With Christmas and New Year’s over, you might find yourself in a post-holiday slump that you can’t get out of. There are always those New Year’s resolutions to work on, but that only further solidifies the fact that the holiday merriment is in the past. Though for many in Latin America and the rest of the world, the Christmas season is just now hitting its peak—with the Epiphany or Three Kings’ Day (El Día de los Reyes) on January 6. And even if this celebration for you is ingrained as a yearly family tradition, here are some fun facts and surprising history that you might not have known about.
The Twelfth Day of Christmas Has Arrived
There’s a reason you might have heard the 12 Days of Christmas song during the month of December on repeat—the Christmas holiday culminates on January 6 with the twelfth day of Christmas, the day when the three kings—Gaspar, Melchior, and Balthasar—finally finished their long journey to Bethlehem. Called the Epiphany, it comes from the Greek word for manifestation—seeing God in human form for the first time.
There’s a multicultural meaning you might not know about.
You’ve certainly heard of the three kings coming to visit the newborn Baby Jesus, but did you know that they each came from different parts of the world and came together to celebrate the event? Traveling from Europe (Melchior), Africa (Balthasar), and the Middle East (Caspar), each king brought a gift from their homeland to bestow. At a time when wars ravaged much of civilization, the symbolic unity of this event is pretty impressive, regardless of any religious undertones.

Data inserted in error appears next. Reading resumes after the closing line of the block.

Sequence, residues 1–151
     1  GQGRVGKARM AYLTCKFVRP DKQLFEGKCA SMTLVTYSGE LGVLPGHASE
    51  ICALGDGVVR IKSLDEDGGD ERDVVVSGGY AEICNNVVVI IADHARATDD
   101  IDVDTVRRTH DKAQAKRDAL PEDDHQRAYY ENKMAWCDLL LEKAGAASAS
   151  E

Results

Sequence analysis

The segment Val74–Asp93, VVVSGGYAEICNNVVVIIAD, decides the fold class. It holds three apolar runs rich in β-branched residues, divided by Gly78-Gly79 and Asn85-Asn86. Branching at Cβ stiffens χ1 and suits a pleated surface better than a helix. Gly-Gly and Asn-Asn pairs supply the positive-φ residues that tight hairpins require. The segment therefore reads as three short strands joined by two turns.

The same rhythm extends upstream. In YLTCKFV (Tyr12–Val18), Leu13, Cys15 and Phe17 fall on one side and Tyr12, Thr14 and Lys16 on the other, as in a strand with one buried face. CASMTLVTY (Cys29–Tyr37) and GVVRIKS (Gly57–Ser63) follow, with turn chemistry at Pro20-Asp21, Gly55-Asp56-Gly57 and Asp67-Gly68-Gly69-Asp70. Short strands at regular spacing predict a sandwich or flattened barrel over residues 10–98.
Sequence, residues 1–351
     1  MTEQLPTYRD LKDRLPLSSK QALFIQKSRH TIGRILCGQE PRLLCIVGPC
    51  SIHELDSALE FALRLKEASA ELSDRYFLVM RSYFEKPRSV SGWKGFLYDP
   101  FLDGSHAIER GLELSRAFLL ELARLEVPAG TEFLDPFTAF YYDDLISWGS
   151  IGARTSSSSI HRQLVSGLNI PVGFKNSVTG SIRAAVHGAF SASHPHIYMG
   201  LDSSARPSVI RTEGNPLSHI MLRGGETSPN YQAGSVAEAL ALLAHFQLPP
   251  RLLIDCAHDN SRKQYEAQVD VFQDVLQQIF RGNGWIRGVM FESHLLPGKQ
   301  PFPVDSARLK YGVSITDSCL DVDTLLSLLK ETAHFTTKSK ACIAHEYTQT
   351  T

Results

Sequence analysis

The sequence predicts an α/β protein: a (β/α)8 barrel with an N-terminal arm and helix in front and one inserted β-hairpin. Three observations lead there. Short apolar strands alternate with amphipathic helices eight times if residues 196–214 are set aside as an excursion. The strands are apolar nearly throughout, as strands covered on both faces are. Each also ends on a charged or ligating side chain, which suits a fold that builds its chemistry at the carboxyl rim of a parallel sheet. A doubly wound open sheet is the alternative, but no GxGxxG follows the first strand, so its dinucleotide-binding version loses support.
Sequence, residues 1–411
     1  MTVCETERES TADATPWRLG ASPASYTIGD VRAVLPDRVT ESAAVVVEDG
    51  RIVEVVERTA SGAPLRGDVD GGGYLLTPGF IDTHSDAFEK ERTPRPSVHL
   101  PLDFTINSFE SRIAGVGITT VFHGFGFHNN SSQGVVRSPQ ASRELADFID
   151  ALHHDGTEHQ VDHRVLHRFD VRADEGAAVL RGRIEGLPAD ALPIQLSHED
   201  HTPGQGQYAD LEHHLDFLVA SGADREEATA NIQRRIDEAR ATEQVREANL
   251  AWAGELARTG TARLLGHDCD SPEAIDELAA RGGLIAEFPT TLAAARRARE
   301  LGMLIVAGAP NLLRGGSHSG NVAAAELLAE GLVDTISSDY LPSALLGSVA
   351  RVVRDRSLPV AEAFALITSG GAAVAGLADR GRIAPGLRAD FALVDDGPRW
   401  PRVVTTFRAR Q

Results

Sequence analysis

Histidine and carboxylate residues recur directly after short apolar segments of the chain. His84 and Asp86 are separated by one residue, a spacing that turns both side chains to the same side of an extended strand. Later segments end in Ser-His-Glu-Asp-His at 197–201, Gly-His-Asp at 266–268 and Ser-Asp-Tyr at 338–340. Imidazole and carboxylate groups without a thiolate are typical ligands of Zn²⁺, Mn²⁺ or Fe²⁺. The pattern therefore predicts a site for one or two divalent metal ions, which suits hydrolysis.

That’s right. Three Kings’ Day actually kicks off the Carnival season. So no worries if you thought the party was over, there’s more just around the corner! In 1783, the French dubbed the period between the Epiphany and Ash Wednesday “carnival,” meant to be a period of celebration prior to repenting during the Lenten season.
Bread for Days
The traditional rosca de reyes bread is enjoyed across Latin America—a dessert style bread with a baby Jesus figurine baked inside. Whoever is stuck with the piece containing the figurine is charged with hosting the next celebration on February 2—the Day of the Candles—by making tamales for the entire group. But Mexico is really known for its over the top celebrations. The zocalo in Mexico City has held celebrations with a loaf of bread over one mile long with hundreds of thousands attendees to try it. I wish whoever finds the baby Jesus figurine in that loaf the best of luck in preparing all of those tamales…
Three Kings’ Day festivities aren’t limited to Spain and Latin America. In Germany, Christmas trees usually stay up until January 6 (known there as Dreikönigstag) and carolers go from house to house raising money for charity projects. Known as La Befana in Italy, Italian children hang their stockings and wait for them to be filled by the soot-covered old woman, Befana. The Greek Orthodox church throws a cross into the water to celebrate the Epiphany (Theopany) and the local priest blesses each house in town.
If you thought that the holiday doesn’t make waves outside of Latinx communities in the States, think again. Disneyland hosts a four day celebration, which already began on January 4, to honor the holiday. And even New Orleans has its own version of the rosca de reyes, called king cake. Although it’s not usually enjoyed until Mardi Gras at the end of the carnival season, it recognizes the three kings with three different frosting colors—gold (power), green (faith), and purple (justice). Similar to the rosca de reyes, whoever finds the plastic baby baked into the cake is charged with hosting the party and baking the cake the following year.
Tried and True Traditions
You’ve probably got this part down—from leaving hay for the three kings’ camels, to writing letters to the three wise men, to leaving boots outside of the door instead of stockings on the fireplace, there are plenty of tried and true traditions used to celebrate across Latin America. Share with us your favorite, or even better—the wackiest or most surprising.